b) The wheel is aligned with the radius coming from CG
c) The car is sliding lateraly

That is a little confusing to me, so i am wondering if :

1. I should have 0 longitidunal velocities as long as the tire is describing a circular path, regardless of wheel steering. The steering would then be "used" in slip angle calculation like the formula from marco suggest it :
 slip = Atan(latVel / |frontVel|) - signOf(frontVel) * steerAngle 
2. I should have a longitudinal & lateral velocities (excepted for previous a,b,c cases) and my calculations are OK until there (the wheel front/lat velocities are the green and red vectors on the picture).

I am suspecting it is not the only thing that goes wrong with my simulation but it would really helped me to know which way is the right one

And again, thanks for your help, it is much appreciated ! Edited by PochyPoch

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It seems to me you are looking at the issue with regards to world coordinates.

If you look at the issue with regards to local car coordinates then each wheel has 0 longtitude velocity and (N) Lateral velocity if the car is spinning on the spot.

Marco Monsters car physics tutorial performs the world to local coordinates transform by rotating the linear world velocities by the yaw angle of the car / wheel.

s = Sin(yaw_angle)
c = Cos(yaw_angle)
local_lateral_velocity = (world_x_velocity * c) + (world_z_velocity * s)
local_longitude_velocity = (world_x_velocity * -s) + (world_z_velocity * c)

And to transform back from local to world coordinates. ( Note the sign for the sine command is reversed, which reverses the direction of rotation )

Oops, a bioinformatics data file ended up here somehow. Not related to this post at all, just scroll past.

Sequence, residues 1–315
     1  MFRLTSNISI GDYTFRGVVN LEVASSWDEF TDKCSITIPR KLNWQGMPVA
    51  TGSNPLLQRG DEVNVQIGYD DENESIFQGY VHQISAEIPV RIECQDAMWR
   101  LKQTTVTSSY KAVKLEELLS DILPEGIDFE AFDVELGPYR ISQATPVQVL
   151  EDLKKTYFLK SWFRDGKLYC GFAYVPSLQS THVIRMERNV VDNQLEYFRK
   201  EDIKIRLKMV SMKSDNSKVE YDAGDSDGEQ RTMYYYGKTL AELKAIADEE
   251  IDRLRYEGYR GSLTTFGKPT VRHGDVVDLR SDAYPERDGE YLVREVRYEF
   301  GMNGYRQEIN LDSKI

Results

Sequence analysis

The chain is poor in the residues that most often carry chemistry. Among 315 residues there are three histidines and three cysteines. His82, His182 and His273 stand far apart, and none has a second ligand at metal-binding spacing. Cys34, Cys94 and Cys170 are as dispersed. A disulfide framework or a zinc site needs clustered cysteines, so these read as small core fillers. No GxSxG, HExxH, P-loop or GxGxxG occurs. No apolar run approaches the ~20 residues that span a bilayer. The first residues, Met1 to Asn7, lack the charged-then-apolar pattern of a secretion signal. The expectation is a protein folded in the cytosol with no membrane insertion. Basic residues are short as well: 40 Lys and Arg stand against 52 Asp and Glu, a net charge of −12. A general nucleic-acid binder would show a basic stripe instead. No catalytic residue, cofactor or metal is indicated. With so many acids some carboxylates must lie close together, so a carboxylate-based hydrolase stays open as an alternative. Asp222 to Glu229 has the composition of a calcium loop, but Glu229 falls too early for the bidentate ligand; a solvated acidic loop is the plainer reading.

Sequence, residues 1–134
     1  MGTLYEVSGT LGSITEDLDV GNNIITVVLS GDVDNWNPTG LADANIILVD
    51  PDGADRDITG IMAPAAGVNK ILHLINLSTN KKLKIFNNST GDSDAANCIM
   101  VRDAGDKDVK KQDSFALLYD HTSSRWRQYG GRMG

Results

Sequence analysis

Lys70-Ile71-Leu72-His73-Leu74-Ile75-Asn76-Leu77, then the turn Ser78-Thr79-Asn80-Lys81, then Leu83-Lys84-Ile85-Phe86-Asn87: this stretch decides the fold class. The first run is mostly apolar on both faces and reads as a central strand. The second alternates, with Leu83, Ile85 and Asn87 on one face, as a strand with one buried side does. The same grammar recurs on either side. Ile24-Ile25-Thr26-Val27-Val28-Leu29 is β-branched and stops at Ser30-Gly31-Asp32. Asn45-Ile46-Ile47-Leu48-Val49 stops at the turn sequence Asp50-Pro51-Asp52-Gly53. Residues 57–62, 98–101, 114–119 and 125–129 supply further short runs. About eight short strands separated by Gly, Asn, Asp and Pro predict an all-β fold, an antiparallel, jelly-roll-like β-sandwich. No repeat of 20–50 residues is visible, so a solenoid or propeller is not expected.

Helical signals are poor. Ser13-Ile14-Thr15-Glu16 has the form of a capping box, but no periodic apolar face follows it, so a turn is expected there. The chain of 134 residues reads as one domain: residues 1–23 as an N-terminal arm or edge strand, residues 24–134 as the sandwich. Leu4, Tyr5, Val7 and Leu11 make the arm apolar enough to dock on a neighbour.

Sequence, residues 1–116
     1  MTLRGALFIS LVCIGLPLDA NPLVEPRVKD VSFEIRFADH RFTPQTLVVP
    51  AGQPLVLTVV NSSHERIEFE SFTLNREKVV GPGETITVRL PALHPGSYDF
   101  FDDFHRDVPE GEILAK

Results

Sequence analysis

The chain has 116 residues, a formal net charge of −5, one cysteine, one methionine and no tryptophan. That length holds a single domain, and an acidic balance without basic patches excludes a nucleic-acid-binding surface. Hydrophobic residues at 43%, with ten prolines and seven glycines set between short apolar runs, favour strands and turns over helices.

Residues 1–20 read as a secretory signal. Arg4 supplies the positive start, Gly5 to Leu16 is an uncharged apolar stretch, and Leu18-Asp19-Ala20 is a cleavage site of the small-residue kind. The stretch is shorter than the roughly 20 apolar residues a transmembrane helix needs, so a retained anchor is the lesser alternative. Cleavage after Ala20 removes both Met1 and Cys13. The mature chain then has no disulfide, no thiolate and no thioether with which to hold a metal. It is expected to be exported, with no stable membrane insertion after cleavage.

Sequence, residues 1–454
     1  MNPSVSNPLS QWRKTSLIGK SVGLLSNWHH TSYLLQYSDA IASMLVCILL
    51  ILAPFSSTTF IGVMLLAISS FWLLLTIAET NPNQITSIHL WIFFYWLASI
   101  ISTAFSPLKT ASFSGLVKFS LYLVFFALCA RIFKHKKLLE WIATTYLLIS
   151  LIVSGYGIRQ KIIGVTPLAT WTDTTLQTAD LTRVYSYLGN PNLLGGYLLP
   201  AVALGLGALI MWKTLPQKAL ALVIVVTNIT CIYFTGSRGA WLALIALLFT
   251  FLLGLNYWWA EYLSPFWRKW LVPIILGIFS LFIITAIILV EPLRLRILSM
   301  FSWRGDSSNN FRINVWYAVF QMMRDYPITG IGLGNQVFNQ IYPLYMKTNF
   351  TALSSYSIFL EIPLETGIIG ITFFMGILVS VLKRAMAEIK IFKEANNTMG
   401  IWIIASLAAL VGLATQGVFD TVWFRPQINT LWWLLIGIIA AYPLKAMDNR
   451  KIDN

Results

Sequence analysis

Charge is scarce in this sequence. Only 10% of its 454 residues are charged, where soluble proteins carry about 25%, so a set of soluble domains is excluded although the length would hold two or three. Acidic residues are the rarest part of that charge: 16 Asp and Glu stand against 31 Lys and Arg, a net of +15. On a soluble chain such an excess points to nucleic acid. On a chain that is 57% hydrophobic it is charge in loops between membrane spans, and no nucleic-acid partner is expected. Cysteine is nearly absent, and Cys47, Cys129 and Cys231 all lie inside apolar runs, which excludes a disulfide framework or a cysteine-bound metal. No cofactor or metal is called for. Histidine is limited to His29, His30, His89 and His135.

world_x_linear_velocity = (local_lateral_velocity * c) + (local_longitude_velocity * -s)
world_z_linear_velocity = (local_lateral_velocity *s) + (local_longitude_velocity * c)

But in regards to a stationary car spinning on it's axis the lateral wheel velocity is derived from the car angular velocity. Edited by K_J_M

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Hi PochyPoch,

Here are some remarks that helped me to get it, if not even right, but an acceptable result
1. Create transform functions between coordinate systems (World, Car, Wheel) and double check if they produce the wanted results.
2. Calculate everything in its own coordinates, eg: wheel forces in wheel space, car forces in car space...etc
3. Forget about steering angle in slip angle/ratio calculations. If you have the right transform functions, that will take care of steering angles.
4. Check the result of the ATAN(lat/long), especialy when dividing by long=0!!! The result should be +-PI/2

This is my transform from WORLD to WHEEL, in case of velocity:

angle = -car_yaw_angle-wheel_steer_angle
sn = sin(angle)
cs = cos(angle)
vel_x = cs*world_vel_x + sn*world_vel_y
vel_y = cs*world_vel_y - sn*world_vel_x

(X+ right, Y+ forward/up)

In the last video of your original post (around 0:20) I see something like: timestep = 50/1000